The National at AGNSW
Time Out says
The Art Gallery of NSW offers a breathtaking snapshot of contemporary Australian creativity in this ambitious biennial exhibition
UPDATE, June 28: As of June 26, the Greater Sydney region including the Central Coast, the Blue Mountains and Wollongong is under a compulsory two-week lockdown until 11.59pm on July 9. Many events in Sydney have therefore been cancelled or postponed until after this period.
From the moment you set foot in the Art Gallery of New South Wales outpost (AGNSW) of this year's spectacular Australian art biennial The National, your eye is immediately drawn down into the belly of this beast of a show, curated by Aboriginal and Torres Strait Islander art specialist Erin Vink and Asian art expert Matt Cox.
Melbourne-based artists Wona Bee and Charlie Lawler draw you in with their haunting work ‘Regenerator’, a suspended row of seven charcoal circles that conjure up the ghostly trace of the bushfire season’s aftermath, but also hint at new life caught in endless circulation. This powerful piece hands over to Judy Watson’s sky-blue tapestries ‘clouds and undercurrents’ hanging over the escalators. A powerful way to reclaim the atrium’s open space, they create a beautiful focal point glimpsed from many spots below.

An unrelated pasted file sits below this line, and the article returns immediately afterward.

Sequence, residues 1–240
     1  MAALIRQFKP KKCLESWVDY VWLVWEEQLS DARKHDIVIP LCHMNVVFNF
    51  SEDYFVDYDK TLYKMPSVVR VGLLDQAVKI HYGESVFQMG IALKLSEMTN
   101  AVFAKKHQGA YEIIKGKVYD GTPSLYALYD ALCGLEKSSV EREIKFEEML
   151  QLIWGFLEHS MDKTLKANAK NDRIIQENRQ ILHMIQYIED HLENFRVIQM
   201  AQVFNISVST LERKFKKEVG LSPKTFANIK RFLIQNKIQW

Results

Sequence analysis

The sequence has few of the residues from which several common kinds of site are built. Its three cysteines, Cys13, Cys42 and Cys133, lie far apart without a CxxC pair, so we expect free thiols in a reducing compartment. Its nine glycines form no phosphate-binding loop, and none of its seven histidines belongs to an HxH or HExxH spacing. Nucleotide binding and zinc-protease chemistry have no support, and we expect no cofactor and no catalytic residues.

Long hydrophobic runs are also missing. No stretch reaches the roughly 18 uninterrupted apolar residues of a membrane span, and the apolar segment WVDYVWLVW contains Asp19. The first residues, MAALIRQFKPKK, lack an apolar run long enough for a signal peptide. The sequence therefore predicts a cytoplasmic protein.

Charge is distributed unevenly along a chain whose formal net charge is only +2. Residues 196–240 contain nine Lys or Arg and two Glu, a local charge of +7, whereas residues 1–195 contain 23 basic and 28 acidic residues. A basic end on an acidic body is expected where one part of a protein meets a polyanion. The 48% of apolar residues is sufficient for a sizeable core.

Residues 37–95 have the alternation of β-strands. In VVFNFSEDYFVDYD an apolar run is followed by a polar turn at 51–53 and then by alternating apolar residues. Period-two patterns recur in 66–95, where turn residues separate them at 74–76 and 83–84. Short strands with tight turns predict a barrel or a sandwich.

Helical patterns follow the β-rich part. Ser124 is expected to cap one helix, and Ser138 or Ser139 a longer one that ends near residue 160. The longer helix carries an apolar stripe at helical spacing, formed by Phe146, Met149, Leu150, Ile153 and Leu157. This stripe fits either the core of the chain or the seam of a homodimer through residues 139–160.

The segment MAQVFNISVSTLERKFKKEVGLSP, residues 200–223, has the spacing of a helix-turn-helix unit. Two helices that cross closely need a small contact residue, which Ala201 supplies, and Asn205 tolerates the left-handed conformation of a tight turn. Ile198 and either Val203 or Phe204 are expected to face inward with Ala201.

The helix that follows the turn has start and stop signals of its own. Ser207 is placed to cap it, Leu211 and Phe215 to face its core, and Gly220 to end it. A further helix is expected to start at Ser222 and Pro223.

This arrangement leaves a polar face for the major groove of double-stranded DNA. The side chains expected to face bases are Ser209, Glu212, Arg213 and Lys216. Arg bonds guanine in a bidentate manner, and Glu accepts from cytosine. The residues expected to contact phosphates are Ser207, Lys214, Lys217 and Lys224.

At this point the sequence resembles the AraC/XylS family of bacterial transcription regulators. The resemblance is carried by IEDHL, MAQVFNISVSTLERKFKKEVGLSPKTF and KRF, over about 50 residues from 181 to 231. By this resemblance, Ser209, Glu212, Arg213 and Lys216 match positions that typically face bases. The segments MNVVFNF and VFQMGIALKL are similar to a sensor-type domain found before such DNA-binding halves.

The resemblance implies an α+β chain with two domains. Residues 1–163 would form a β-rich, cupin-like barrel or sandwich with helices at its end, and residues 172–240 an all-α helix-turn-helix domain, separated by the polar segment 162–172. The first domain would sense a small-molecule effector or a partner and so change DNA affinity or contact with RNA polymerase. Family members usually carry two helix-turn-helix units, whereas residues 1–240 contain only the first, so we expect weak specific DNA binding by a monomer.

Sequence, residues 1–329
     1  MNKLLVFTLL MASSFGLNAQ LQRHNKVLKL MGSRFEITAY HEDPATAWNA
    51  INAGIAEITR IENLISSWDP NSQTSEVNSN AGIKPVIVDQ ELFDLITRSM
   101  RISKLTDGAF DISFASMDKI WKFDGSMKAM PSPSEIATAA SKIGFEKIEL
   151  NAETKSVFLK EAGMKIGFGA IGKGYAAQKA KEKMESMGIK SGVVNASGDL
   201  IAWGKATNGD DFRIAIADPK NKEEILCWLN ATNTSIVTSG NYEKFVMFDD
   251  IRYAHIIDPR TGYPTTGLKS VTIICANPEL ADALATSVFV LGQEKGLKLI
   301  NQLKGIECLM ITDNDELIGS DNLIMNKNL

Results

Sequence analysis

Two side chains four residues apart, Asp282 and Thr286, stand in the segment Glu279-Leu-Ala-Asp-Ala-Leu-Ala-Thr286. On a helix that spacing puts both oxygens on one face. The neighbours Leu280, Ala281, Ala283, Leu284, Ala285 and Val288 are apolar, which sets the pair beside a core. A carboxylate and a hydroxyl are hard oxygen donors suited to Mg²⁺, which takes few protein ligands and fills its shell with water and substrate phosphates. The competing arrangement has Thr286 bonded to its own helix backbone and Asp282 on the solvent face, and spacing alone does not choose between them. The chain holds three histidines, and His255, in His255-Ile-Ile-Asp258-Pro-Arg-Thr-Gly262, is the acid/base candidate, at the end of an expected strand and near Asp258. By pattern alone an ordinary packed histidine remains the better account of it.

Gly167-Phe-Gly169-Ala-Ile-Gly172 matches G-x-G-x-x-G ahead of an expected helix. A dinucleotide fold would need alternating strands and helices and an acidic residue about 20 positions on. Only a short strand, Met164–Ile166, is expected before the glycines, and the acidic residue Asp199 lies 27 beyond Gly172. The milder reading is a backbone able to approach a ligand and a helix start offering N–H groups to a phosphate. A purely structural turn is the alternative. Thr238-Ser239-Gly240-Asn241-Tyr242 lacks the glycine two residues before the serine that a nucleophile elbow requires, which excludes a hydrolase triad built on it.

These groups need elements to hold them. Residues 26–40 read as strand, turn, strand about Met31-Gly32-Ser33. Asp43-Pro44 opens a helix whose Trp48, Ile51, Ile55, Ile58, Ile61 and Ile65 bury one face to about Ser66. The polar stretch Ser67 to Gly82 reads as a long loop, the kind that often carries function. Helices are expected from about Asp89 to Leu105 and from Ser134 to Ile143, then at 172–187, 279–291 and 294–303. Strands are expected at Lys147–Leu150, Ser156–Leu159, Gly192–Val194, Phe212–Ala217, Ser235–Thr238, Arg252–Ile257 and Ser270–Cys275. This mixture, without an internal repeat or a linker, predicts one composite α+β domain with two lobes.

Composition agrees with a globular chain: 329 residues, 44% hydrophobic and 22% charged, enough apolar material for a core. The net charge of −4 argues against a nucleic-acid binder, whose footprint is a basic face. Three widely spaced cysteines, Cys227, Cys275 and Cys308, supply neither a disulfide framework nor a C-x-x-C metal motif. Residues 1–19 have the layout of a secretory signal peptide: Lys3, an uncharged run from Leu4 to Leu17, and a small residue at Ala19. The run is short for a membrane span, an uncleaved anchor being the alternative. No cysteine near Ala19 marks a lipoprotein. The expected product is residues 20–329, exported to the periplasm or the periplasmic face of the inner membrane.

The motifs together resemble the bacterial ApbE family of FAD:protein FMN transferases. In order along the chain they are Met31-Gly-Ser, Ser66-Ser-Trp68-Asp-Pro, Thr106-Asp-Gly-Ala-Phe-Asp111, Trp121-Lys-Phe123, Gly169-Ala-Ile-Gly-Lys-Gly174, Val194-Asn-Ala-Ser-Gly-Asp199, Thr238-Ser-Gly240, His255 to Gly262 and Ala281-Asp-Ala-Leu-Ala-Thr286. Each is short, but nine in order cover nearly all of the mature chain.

Two astounding installations take up space in the very best way in the AGNSW exhibition. Justin Shoulder’s glorious inflatable installation ‘Aeon+: Titan Arum’ depicts a primordial soup-like scenario where inflatable creatures flail as if emerging from their mother’s womb, all bathed in fluctuating pink and purple hues. It’s mesmeric, and if you’re lucky enough, you’ll catch one of the fabulous LGBTQ+ artist’s live performances in the space.
We also love Torres Strait Islander artist Alik Tipoti’s knowing wink works ‘Dhangal Madhubal’, depicting Southern Cross-adorned creatures, including a shark hanging from one gallery space ceiling. Also check out First Nations artists Betty Muffler and Maringka Burton’s large-scale linen work ‘Ngangkari ngura (Healing Country)’.
Abdullah MI Syed’s small-scale but big-impact gold leaf-adorned cotton works making up ‘Currency of Love’ and Phaptawan Suwannakudt’s bold Thai script-traced works are also fab. And make time to sit down and lose yourself in video works by Australian-Balinese photographer and filmmaker Leyla Stevens, who just won the Blake Prize, and the mesmeric ‘Darling Darling’ by Gabriella Hirst.